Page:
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In Kondovo, Mujahedin Claims Echo Old Fears

December 5, 2004


( Research Service)- Nikola Gruevski’s intervention into the debate over Kondovo on Friday echoed previous complaints made by his party in 1995, when they voiced fears over the opening of the village’s madrasah (Islamic school).

They also came at a time when local newspaper Vreme unveiled sensational claims that the US Embassy’s recent closure came about after a mujahedin plot connected with said village. The allegations from the scoop-friendly newspaper came on Friday. Vreme claimed that the reason for last week’s brief closure of the American Embassy, USAID and other offices was due to attempted infiltration by mujahedin from Pakistan and Saudi Arabia.

The paper claims that the individuals concerned were attempting to bring large amounts of cash to the fighters in Kondovo, and tried to enter the country through Skopje Airport rather than Kosovo, as the latter option was deemed less likely to succeed.

According to the newspaper, the nefarious action was “…unearthed by Macedonian counterintelligence staffers, who had immediately notified the US embassy about the potential security threat.” According to this story, the mujahedin were “immediately deported” at the airport.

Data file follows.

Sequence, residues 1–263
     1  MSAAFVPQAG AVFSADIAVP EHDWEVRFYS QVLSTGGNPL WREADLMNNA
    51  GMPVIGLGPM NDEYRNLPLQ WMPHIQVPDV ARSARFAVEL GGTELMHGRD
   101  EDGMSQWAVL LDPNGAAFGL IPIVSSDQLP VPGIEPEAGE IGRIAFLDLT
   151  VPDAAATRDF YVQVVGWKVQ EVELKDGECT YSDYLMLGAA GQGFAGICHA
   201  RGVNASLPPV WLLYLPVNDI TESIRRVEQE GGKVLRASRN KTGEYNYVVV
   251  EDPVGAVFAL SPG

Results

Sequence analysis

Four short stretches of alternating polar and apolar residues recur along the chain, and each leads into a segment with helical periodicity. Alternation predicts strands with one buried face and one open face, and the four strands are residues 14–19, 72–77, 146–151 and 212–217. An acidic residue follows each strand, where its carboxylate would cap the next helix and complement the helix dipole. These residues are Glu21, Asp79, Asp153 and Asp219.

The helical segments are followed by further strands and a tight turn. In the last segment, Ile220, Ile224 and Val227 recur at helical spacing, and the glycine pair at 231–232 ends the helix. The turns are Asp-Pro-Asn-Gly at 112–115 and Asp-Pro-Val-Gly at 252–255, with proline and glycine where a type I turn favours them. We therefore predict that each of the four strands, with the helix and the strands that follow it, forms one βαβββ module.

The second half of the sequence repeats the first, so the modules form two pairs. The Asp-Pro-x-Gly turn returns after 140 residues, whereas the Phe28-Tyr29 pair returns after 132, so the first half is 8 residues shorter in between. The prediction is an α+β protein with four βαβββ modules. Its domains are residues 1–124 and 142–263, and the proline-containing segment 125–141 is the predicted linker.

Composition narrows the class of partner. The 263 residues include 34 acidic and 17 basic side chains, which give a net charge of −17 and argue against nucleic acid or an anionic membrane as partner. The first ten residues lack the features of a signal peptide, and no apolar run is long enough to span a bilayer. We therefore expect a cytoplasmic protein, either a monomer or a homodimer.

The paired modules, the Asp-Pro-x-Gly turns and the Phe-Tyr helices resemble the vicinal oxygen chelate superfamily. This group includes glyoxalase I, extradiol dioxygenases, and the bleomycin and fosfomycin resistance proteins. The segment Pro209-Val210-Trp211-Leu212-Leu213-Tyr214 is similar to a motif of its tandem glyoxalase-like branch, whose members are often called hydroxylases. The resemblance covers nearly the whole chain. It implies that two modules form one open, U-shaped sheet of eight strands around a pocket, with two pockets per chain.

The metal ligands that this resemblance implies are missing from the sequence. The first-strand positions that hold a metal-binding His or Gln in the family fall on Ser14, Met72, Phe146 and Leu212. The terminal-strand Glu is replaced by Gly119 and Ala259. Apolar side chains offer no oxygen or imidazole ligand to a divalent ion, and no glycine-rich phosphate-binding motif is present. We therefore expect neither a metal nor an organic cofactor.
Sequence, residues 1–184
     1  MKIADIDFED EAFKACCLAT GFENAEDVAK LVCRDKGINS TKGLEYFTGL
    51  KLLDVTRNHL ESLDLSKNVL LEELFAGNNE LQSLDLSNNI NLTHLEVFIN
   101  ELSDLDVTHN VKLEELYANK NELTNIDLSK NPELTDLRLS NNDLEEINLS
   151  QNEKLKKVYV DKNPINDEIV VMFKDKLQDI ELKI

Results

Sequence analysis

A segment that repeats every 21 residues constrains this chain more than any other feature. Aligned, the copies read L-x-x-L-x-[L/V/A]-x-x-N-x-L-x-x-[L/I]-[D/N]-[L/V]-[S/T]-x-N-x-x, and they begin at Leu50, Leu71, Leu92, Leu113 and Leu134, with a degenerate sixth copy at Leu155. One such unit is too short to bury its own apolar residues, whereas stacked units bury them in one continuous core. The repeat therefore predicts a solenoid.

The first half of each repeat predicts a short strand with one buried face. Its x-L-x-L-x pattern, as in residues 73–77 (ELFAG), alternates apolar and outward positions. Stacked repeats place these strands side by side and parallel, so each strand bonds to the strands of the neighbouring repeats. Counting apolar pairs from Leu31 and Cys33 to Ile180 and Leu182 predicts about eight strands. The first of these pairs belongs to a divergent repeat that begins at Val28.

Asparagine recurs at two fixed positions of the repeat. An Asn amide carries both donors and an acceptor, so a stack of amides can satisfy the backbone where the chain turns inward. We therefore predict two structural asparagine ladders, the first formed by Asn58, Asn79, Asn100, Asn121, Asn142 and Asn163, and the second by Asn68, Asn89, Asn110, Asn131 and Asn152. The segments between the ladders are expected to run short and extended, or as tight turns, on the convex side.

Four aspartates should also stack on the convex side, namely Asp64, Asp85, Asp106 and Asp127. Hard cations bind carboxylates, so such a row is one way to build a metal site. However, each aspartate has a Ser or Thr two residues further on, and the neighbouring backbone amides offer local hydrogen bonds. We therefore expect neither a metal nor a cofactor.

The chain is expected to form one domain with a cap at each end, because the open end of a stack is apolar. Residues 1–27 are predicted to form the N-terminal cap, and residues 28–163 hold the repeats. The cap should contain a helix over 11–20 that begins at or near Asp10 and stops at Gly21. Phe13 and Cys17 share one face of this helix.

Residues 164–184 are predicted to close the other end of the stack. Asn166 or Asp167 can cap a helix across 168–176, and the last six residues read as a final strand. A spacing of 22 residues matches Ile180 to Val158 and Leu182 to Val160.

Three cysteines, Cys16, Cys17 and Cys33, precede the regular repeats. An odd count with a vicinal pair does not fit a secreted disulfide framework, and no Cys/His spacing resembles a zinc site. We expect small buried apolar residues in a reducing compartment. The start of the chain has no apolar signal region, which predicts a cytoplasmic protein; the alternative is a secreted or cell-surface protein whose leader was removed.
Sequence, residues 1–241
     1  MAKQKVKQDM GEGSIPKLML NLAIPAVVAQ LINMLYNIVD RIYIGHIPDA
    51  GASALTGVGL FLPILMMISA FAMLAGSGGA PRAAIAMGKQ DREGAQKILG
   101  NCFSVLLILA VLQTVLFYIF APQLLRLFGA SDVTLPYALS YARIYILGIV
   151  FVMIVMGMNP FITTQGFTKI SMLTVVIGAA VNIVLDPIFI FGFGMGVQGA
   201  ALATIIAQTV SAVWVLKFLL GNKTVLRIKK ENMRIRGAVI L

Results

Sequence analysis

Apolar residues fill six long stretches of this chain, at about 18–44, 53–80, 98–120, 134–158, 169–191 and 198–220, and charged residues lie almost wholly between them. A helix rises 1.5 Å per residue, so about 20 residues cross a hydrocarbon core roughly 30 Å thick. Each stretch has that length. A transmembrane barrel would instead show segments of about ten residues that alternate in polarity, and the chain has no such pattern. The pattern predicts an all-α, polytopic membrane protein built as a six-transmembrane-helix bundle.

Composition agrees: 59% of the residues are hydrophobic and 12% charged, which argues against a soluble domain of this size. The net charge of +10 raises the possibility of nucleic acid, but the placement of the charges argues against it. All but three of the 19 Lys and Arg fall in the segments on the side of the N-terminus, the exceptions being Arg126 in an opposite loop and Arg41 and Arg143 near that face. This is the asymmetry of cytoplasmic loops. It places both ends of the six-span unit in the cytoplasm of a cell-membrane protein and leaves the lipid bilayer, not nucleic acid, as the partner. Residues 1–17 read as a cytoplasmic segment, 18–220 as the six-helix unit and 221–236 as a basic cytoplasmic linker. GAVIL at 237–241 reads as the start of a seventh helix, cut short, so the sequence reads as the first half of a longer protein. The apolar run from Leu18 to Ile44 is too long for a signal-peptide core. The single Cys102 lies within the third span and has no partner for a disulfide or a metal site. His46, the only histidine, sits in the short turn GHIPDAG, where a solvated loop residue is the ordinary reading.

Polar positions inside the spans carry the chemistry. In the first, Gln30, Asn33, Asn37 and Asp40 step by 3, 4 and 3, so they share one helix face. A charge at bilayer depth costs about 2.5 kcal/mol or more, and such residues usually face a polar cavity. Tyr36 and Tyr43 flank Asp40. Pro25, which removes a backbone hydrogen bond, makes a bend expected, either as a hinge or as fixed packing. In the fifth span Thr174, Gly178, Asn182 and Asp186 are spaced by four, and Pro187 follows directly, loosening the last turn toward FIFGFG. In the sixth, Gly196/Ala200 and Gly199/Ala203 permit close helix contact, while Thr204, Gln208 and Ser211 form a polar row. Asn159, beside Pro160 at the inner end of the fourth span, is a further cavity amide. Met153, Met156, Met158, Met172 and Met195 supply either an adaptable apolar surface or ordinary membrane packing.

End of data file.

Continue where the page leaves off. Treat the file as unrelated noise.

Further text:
While an interesting story, it is important to note that we have not been able to confirm this allegation from other stories at time of publication.

According to Dr. Ramiz Zekaj’s The Development of Islamic Culture among Albanians in the 20th Century (Albanian Institute of Islamic Thought and Civilization: Tirana, 2002), the Isa Bej madrasah was established in Kondovo to cope with overwhelming demand for Islamic education after Macedonia’s independence. “…For this reason, the group of engineers chose Kondova village in the suburb of Skopje in order to build the medrese’s complex, which included 3 grandiose constructions that are built in an area of 7,000 square meters.” (pp. 86-87).

The author adds that the school contains nine classrooms, a library, bookshop, prayer room, language laboratory, sports hall, etc., and includes foreign Islamic students among its ranks.

However, on 1 March 1995, the opposition VMRO-DPMNE, then led by Ljubco Georgievski, condemned the construction of the madrasah, calling it “…a substitute for the so-called university in Tetovo. It will support Islamic fundamentalism and will lead to a complete destabilization of Macedonia.”

In June 2002, George Soros’ Open Society Institute funded an attempt to foster a dialogue between the Kondovo Islamic center and a Skopje Orthodox church through art. Earlier this year, the long-debated Tetovo University was legalized.

Now, almost ten years after VMRO’s charge, its veracity is again being questioned.

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